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Released June 2009 / 2.53 GHz Core 2 Duo Processor

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MBP extremely slow after SSD Upgrade. What's wrong with my mac?

I have a MPB 15" 2.53 mid 2009. I upgraded the standard hard drive to a SSD (512 GB Sandisk X210) purchased from ifixit.

I cloned the factory drive to the SSD using Super Duper. After cloning the HDD to the SSD I installed it and turned it on, it booted up fine but not quite as quickly as I would expect for an SSD.

Verified and reparied disk permissions.

Restert. Boot up time about 1 minute 20 seconds.

Shut down.

Reset PRAM

Boot up about 1 minute.

Restart. Boot up time about 43 minutes.

I have no idea what happened in the middle there but something is obviously not working right. Now when I click on applications they go gray then take several minutes before launching. I'm not sure what to do. Please help!

Answered! View the answer I have this problem too

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The internet had the answer for me. Apparently your startup disk setting is pointing to a disk that's no longer in your system. I'm guessing the OS can't find it and is waiting for it to spin up. It doesn't try the new SSD until a timeout occurs.

Go to system preferences and set your Startup Disk setting to be the new disk and I'll bet that changes everything. It did for me.

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Good catch!!


It also works for me. I had before for the long time just the white screen before apple logo comes on.


It worked perfectly!

I had the same problem when I upgraded my original 128GB SSD with one of 256GB from Transcend. I couldn't understand why the new SSD had added 10s of grey screen on startup before the Apple logo appears.

So I follow these steps and all started working perfectly again:

1. Go to System Preferences -> Startup Disk

2. Click on the bottom left Lock tu unlock the changes

3. Select Macintosh HD (it's likely to be the only on the list)

4. Click 'Restart...'

You're done!


Thank you so much! Its working!!


Thanks!!! Worked for me!!!


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Solved!! - I had almost exactly the same symptoms with my 2011 MacBook Pro. SSD upgrade Super fast for a month, then suddenly became slower than ever. Symptoms included unable to keep up with keystrokes (really annoying), slow application loads, slow printing.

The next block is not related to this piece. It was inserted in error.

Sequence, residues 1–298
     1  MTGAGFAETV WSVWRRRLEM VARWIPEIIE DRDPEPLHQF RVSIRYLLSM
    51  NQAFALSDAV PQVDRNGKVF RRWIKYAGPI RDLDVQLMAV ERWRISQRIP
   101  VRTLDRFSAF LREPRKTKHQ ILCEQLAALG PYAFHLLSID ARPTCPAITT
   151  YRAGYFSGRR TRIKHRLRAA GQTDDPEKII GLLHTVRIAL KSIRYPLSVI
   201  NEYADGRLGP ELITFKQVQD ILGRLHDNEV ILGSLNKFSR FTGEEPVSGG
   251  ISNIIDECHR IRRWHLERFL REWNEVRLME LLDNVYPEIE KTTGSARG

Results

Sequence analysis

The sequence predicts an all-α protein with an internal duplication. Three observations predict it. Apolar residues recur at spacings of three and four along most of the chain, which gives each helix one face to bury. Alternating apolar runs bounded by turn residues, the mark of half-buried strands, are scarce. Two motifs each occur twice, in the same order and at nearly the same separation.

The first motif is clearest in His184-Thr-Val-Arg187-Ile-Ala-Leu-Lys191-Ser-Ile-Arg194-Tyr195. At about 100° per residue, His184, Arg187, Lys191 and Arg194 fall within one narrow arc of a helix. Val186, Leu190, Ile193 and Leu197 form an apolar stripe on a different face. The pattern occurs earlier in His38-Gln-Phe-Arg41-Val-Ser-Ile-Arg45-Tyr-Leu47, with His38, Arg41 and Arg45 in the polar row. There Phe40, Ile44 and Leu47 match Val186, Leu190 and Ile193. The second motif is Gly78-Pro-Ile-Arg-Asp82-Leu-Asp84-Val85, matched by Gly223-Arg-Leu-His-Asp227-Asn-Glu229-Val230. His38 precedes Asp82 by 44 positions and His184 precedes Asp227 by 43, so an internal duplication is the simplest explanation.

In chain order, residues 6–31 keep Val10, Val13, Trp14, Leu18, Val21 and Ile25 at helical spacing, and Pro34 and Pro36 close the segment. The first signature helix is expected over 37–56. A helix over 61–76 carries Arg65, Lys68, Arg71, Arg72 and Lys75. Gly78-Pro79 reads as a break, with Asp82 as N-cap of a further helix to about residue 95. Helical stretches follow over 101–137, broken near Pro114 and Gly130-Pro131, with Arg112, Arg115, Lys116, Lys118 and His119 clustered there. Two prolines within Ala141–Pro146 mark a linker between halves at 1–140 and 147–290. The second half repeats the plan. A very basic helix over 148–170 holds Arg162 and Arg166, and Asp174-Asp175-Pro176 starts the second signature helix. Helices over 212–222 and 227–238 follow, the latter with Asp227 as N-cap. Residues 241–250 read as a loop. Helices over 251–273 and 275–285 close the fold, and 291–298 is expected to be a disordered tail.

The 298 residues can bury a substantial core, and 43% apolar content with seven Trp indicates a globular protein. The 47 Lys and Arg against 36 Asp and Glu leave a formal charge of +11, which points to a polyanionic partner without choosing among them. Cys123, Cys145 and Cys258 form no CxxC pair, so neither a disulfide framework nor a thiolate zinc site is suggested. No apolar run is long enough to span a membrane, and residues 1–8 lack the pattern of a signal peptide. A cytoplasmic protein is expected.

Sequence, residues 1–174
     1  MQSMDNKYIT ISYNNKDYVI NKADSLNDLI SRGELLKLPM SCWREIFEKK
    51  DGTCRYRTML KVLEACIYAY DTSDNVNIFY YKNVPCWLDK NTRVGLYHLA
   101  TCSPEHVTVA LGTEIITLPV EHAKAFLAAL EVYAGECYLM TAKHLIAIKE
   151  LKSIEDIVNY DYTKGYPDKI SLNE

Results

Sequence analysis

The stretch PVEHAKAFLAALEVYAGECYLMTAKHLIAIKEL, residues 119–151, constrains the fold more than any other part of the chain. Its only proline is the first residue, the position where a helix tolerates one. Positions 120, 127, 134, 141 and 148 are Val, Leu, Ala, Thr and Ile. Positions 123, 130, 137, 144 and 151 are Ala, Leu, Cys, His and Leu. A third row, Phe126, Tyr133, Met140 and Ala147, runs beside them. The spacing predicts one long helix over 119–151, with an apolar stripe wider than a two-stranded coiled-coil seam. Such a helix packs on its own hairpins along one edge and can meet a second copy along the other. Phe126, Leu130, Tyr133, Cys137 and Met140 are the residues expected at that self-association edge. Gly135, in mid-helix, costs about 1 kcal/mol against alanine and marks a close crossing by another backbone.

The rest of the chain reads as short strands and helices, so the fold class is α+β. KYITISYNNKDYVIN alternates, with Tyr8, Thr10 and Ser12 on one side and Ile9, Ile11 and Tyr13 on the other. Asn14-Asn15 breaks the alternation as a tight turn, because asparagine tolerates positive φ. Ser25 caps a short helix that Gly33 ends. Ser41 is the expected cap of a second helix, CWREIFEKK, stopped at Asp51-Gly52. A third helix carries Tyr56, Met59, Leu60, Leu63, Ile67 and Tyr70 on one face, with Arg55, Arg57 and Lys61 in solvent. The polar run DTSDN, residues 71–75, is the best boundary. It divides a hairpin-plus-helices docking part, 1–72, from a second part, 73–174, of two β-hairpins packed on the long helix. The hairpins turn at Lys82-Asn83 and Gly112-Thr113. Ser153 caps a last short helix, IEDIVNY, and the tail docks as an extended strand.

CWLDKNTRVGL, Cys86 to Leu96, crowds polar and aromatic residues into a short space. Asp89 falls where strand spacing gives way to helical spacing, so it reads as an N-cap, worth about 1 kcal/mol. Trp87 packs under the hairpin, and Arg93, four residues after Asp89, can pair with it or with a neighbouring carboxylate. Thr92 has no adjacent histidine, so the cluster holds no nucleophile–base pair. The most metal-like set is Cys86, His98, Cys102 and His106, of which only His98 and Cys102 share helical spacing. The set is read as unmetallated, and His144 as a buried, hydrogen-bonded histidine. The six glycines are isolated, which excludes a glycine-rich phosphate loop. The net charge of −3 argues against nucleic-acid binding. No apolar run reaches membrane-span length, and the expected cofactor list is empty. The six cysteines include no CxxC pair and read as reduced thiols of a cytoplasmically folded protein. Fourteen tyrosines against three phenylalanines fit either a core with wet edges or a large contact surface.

I tried just about everything suggested on the internet; Reset PRAM, SMC, the wear levelling (TRIM). Reinstalled a clean OS (Lion, Yosemite, and El Capitan). Nothing made the slightest difference. I bought a different drive (i had a samsung EVO) I read the OWC were change.

Then one day the mac failed to find my hard drive. I was pretty ticked off by now. So my research for this problem went down a different road. And I ended up buying a replacement SATA cable MacBook Pro 15" Unibody (Mid 2009-Late 2011) Hard Drive Cable Fixed it completely - Mystery solved.

So if this post helps just one person avoid six months of torture I will be delighted.

MacBook Pro 15" Unibody (Mid 2009-Late 2011) Hard Drive Cable Image


MacBook Pro 15" Unibody (Mid 2009-Late 2011) Hard Drive Cable


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Man, you've just saved my brain. I was suffering of the same issue during the last month. I've tried almost everything you've tried, but only cable replacement helped.


I had the same problem. Replaced 3(!!!) SATA cables. No joy at all. Ended up with installing back an old good HDD. My old MacBook Pro 13" Late 2011, works fine again.


@ Rob Fox-- so installing the new SATA cable was only a temporary fix? I'm assuming that's why you went through three of them? Also, what type off SSD were you using?


Give this a read! Your Hard Drive Cable Is A Ticking Time Bomb Also keep in mind the OP's question is for a different model! The older 2009 & 2010 can encounter different issues! often times people put in too fast a drive for the slower SATA II interface these older systems have. Review your drives spec sheet it needs to state clearly it supports SATA II I/O data rate as an example [|Samsung 860 EVO SSD) Vs [| Western Digital Blue SSD which is a fixed SATA III (6.0 Gb/s) drive and won't work properly in the older SATA II (3.0 Gb/s) system's!